Today is World Mental Health Day
. Less fun than Talk Like A Pirate Day but in its way covering a subject equally dominated by stereotypes albeit less fun ones than one legged men growling ‘argggh Jim Lad!’ Part of the reason for World Mental Health Day is to breakdown those stereotypes and to demystify the whole issue of mental ill health. For some reason when the topic of mental illness is raised the image of some poor soul in an asylum seems to be the automatic response.
Associating mental illness with insanity is rather like associating physical ill health with cancer. It happens. It’s a part of the story. But it’s by no means the whole of the story.
There are millions of mentally ill people all over the world. I guarantee that at some point in your life you WILL have known someone who was mentally ill. You may even have known someone who was severely mentally ill. You may have known it but you might not. They might not. Mental illness is one of the great taboos that still exists and while it is still stigmatised the people who need help the most will remain the least likely to seek it.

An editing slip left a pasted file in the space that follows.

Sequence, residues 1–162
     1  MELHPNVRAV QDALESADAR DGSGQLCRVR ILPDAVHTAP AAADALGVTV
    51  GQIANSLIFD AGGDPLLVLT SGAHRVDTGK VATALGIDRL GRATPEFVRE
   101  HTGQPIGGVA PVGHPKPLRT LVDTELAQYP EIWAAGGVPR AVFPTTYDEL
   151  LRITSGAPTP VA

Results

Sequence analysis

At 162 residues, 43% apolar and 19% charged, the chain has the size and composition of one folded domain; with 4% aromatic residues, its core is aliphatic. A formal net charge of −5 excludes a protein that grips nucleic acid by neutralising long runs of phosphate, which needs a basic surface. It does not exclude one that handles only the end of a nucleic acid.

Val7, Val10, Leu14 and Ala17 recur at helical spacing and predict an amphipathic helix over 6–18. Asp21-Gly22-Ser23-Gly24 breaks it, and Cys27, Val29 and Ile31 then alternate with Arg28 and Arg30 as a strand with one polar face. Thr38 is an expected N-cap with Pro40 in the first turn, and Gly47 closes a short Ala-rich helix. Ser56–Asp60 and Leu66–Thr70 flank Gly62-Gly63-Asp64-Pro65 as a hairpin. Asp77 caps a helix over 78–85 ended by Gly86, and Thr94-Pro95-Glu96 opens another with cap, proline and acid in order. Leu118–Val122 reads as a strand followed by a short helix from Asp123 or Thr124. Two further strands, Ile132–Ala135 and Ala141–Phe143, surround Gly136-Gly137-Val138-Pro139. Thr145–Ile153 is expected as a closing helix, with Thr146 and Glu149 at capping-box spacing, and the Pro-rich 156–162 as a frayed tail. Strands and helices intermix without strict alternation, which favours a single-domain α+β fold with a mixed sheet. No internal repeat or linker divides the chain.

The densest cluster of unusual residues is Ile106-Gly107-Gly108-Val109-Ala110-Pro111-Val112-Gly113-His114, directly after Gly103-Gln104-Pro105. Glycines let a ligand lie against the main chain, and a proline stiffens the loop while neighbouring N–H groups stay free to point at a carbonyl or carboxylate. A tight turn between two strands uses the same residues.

My family are quite fortunate in terms of physical illness. There’s no history of breast cancer, diabetes, or glaucoma and although both my grandfathers died relatively young they were both heavy drinkers and heavy smokers. Both my grandmothers are still alive and both physically hale and hearty.
However mental illness is extremely common in my family: chronic depression on the one side with delusional behaviour and dementia on the other side. My mother, my sister, and my stepfather all suffered nervous breakdowns during my childhood and adolescence. My mother has suffered from chronic depression her entire life. During my teenage years she suffered paranoid delusions that she was responsible for all the terrible things in the world.
I’m not going to lie and say that her mental illness, which ranges from moderate to severe, didn’t affect my sister and I. It did. But my mother did the very best she could in incredibly difficult circumstances and it was enough. She raised two children who are decent, caring, and responsible people.
My mother’s mental illness does not define her anymore than a physical disability would define her. She’s a strong, intelligent, loving person who simply happens to have an illness. So please the next time that the topic of mental illness is raised, whether its depression, dementia, schizophrenia or something else, remember that it’s just an illness. Please think of the people doing their very best to live regular lives and look after their loved ones.